Managers in the UK's National Health Service (NHS) carry responsibility for achieving government targets on the provision of quality care and service to patients. The demands on managers to achieve these targets is significant in itself, but are often multiplied because of having to cope with the conflicting pressures of an organisation that operates with a ‘business’ focus, yet is essentially a caring body that is service‐oriented at heart. These two areas of business and service are not naturally compatible and can create tension. Leaders are expected to bridge the two with ease, with little preparation on how to cope with the conflict that these two paradigms can create.This paper, detailing the authors' work with managers in an NHS acute trust, provides unique insights into ways of dealing with the tensions and challenges that leaders experience. The authors argue that a holistic approach to leadership is required to enable this tension to be managed effectively, which considers the physical, mental and spiritual. Of these three elements it is the spiritual dimension that is the most contentious, difficult and most often avoided aspect to leadership and the authors also found this in their work with this NHS acute trust. The paper introduces a model that highlights the three elements to the holistic approach, and goes on to use it in an analysis of the situation faced by managers. The analysis highlights the importance of balance and need for including more consideration of the spiritual dimension in leaders' activities.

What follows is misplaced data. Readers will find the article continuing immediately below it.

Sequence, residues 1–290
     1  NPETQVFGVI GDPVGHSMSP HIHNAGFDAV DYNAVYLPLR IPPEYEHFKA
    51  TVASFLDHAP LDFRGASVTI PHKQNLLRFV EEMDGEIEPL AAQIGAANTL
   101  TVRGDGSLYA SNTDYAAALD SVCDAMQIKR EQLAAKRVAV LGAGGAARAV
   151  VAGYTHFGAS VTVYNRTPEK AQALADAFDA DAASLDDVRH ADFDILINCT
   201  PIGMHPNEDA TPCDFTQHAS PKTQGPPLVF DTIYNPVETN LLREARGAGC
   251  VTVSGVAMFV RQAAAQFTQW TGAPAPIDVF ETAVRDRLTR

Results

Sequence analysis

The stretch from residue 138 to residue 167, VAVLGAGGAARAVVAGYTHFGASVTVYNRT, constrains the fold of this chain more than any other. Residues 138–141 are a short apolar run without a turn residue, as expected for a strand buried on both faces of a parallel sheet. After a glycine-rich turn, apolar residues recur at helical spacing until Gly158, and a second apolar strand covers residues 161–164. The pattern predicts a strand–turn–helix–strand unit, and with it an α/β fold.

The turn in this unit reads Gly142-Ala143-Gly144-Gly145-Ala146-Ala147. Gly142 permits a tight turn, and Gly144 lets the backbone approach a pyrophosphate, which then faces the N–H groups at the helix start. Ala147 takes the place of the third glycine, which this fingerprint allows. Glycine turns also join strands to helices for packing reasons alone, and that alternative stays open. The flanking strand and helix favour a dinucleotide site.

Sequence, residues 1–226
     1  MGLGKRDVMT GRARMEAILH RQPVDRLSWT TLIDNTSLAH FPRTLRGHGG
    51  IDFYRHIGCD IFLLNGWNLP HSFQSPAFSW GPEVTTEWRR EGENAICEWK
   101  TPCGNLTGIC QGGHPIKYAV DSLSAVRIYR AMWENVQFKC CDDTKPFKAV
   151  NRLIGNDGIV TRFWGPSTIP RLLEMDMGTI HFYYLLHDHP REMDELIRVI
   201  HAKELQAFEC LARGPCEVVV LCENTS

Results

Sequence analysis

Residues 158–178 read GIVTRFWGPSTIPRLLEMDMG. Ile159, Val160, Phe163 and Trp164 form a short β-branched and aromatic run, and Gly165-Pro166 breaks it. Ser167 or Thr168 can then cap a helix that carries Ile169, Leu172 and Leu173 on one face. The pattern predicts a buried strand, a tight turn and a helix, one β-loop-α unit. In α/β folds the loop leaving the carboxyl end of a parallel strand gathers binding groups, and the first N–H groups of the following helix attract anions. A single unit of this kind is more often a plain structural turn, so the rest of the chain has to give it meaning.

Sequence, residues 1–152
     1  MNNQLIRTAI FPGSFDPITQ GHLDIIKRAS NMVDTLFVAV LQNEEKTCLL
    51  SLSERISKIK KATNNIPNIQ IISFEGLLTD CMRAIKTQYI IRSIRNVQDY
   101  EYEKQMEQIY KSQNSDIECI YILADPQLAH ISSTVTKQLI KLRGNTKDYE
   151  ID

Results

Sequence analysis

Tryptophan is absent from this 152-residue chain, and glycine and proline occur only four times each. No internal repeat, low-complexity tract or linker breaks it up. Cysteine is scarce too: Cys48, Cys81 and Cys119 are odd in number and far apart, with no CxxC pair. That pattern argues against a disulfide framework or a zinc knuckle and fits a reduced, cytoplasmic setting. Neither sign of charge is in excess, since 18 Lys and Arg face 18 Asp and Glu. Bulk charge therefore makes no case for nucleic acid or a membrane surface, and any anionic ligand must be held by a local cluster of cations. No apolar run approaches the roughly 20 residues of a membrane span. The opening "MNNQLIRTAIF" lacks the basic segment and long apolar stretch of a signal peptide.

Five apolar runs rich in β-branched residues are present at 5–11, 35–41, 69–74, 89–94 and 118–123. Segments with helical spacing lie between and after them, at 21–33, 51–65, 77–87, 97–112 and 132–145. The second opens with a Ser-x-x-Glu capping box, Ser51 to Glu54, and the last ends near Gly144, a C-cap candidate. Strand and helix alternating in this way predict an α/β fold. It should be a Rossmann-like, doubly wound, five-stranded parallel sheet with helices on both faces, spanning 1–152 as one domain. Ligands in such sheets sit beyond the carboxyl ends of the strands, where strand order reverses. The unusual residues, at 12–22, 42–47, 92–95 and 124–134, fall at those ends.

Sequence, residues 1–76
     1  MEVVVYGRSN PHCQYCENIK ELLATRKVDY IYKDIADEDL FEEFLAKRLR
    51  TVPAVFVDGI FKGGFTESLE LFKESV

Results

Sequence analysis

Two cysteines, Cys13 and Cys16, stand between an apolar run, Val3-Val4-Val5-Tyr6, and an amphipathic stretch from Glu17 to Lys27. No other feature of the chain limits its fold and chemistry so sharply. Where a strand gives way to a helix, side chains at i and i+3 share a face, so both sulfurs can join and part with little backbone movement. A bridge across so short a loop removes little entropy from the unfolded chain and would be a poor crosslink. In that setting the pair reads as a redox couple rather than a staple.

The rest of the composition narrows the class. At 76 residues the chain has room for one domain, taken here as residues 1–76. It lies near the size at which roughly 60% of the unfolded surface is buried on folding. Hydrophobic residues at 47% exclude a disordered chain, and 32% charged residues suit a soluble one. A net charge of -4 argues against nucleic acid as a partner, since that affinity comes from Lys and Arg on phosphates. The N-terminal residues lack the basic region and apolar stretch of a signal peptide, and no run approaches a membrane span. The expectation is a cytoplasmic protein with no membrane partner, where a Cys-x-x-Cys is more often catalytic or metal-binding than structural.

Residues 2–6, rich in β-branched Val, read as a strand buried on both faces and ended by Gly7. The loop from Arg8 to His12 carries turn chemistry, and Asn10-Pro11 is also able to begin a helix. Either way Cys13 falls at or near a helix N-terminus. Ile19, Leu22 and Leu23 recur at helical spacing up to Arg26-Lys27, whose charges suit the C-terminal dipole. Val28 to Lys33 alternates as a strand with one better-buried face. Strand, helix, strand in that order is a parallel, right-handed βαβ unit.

Details

International Journal of Leadership in Public Services, vol. 6 no. 2
Type: Research Article
ISSN: 1747-9886